Some of the larger stations, including WGBH in Boston and KQED in San Francisco, provided content for national distribution and supplemented NET’s content with its own local programming. WGBH, in particular, devoted significant airtime to issues affecting the Boston area. WGBH had (and has) one of the best production units in the country, a large, highly-educated audience, and a reputation for progressive politics.26 In 1965, WGBH aired a lengthy series called Education and Race Relations, which featured panel discussions of academic experts on the topic. Also in 1965, WGBH aired Kids, Crayons, and VWs, a program about students bused from Roxbury to Beacon Hill. The Coleman Report showed a 1967 panel discussion on the Equality of Educational Opportunity Report, commissioned by the U.S. Department of Education, which studied differences in educational attainment across groups of students. For NET’s City Makers series, WGBH featured Rhody McCoy, the administrator of New York City’s Ocean Hill-Brownsville school district.
Many local stations, however, did not appreciate the controversy thrust upon them or NET’s desire to act as a network. Affiliate meetings often degenerated into “free-for-alls,” with NET ignoring the wishes of the member stations they were purportedly serving. Increasingly, many affiliates chose not to air NET’s more daring programming. Titles such as Inside North Vietnam (1968), Fidel (1969), and Banks and the Poor (1970), an exposé on discriminatory loan policies, caused particularly strong reactions. NET, however, saw tackling controversial issues as both an essential part of its mission and a strategy to build its brand. Its Philosophy and Purpose stated, “Often N.E.T. must seek to stimulate controversy where none has existed because of lack of knowledge or lack of concern. That is part of the overall purpose: to challenge Americans to accept the obligations of citizenship.”27 The White administration also courted the press, believing that journalistic favor “signaled the growing acceptance of NET as a full-fledged network, equivalent in program quality and significance to their commercial colleagues.”28 The plan of using controversy to build a brand succeeded for a while, and most of the “significant” press NET received between 1966 and 1968 was positive.29 Local stations, especially in conservative areas of the country, however, did not necessarily appreciate the controversy thrust upon them or NET’s desire to act as a network. Affiliate meetings often degenerated into “free-for-alls,” with NET repeatedly ignoring the wishes of the member stations they were purportedly supposed to be serving.30 Increasingly, many affiliates chose not to air NET’s more daring programming.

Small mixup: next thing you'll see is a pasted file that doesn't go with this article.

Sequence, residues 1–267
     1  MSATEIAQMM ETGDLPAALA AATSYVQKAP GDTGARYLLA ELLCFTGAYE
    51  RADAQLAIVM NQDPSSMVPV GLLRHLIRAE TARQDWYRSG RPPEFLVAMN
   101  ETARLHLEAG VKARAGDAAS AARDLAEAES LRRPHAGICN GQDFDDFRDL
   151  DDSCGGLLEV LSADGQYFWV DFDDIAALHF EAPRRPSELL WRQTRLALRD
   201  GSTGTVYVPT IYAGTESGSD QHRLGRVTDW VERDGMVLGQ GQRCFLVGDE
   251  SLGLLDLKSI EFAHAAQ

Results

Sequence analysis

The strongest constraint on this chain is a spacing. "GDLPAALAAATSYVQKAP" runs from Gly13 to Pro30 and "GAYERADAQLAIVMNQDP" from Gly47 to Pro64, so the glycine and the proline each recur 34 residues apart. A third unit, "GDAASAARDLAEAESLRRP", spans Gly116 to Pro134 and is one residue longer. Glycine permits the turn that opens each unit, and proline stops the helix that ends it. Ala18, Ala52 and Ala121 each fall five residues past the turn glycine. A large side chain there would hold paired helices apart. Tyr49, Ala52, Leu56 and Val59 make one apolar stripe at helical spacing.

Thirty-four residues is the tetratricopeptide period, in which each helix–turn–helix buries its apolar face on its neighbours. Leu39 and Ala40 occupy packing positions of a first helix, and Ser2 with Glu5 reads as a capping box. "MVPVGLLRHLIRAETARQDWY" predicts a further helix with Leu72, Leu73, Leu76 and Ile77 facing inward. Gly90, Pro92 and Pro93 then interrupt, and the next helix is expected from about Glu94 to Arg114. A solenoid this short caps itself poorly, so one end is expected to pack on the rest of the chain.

NET after the Public Broadcasting Act, 1968-1969
After Congress passed the Public Broadcasting Act in 1967, administrators at NET hoped that their organization would continue to be the central nexus for production, scheduling, and distribution.NET had already alienated many of its new bosses in Congress and at affiliated stations across the country with controversial material. Their blasé response to station complaints had only been made possible by the financial backing of the Ford Foundation, which directed NET to ignore “all the factionalism in the system” and proceed with their mission.”31 Even with this override power suddenly gone, NET continued to air controversial documentaries, including films on integration, poor school quality, and the growing unrest on university campuses.